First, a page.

Play 5: Produce Wireframes & Prototypes


Brainstorm Structure and Essential Elements Using Wireframes and Prototypes


After conducting user research and understanding the expectations users have from the product, use that understanding to design a solution. The tools created in the analysis of the research results will assist with the creation of the design. Wireframes and prototypes must be created to test the website or app to determine its usability. It is important for the UX team to communicate why they are making the design decisions they are making, and it should drive all the decisions being made while building the wireframes and prototypes. Each time the UX team goes back and does more user research, they will take their findings to create new solutions that will help the product to keep up with users evolving needs. 

Wireframes can be as basic as a sketch on paper that focuses on the navigation and functions of the website or product. These sketches form the basic structure and some of the essential features to assist with team discussions for brainstorming possible design options before choosing one. They also help during every stage of idea generation and design process. They will eventually be used to create prototypes with much more detail and specifications that include the aesthetic elements that are part of the design.

To create computer-drawn wireframes, the UX team can use any application that can draw lines and boxes, but some more advanced options with helpful wireframing tools include the Adobe Creative Suite, Figma, and Sketch. In wireframing, the UX team creates illustrations or diagrams of the website or application that takes the following into consideration: 

  1. the amount of space allotted on the page
  2. the placement of content and images according to priority 
  3. the functions that need to be accommodated.

When creating wireframes, the UX team’s focus should be on how information needs to be processed on the site or app. Knowing where all the elements belong in basic diagrams serve as an empty outline, ensuring that the workflow is in the right order and takes the least number of steps required for the function. The arrangement and layout of items, such as menus and buttons, will place the focus on user interaction with the site and its functionality.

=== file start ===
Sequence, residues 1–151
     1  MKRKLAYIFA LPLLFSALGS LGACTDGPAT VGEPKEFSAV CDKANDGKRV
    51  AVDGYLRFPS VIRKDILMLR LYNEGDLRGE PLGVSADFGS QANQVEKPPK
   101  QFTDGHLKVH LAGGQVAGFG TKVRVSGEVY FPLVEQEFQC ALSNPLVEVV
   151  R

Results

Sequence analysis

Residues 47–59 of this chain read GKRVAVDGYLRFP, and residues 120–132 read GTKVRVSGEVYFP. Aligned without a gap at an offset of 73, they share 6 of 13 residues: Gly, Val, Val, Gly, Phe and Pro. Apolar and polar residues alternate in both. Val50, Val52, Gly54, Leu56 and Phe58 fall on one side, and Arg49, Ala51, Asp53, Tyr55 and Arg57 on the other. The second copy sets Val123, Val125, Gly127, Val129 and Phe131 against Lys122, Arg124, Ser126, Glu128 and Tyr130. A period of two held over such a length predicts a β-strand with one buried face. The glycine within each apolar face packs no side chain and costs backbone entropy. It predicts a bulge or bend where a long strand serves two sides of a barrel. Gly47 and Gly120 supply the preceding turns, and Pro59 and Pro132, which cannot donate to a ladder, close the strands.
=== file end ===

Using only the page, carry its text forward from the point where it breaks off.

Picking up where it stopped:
Example of wireframes

Mockups or comps are flat images that are produced next to show the appearance of the site once headers, styles, fonts, colors and content are added. Next, prototypes are created to illustrate a clickable design with a real site feel for users to interact with. Prototypes can be created using a graphics tool like Sketch that has more advanced functionality. While creating prototypes, the UX team will create a design system that includes the visual elements, such as the buttons they click or scrollbars they use to navigate, and the interactions they have with the interface. For accessibility, images conveying content need to have alt tags and descriptions, while audio or video features must have transcripts or captions.

sample wireframe

Overall, wireframes and prototypes are iteratively developed with input from stakeholders. Changes are much easier, faster, and cheaper to make before the development process. After being evaluated by users and sign off on the design is provided by clients, development begins. It is important for the UX team to communicate why they are making the design decisions they are making, and they need to do this throughout the process by explaining it to the development team, the product owner(s) and key stakeholders.

Sample page from a style guide

One finishing touch is to create a style guide or design system. This may be integrated with the prototype or separate from it. It should include all visual elements and specify their styles to ensure the brand image is consistent throughout the product. Developers can refer back to the guide at any time to get the details about what styles they should be using.

CHECKLIST

KEY QUESTIONS

  • Does the structure assist with easily navigating the website or app?
  • What is the priority of the content and images on the page?
  • Has the layout for each section support the content planned?
  • Is the length of the page appropriately been allocated given the content for the page?
  • What functionality needs to be accommodated?
  • Have all necessary elements been included for an interactive experience (e.g., styles, videos, graphics)?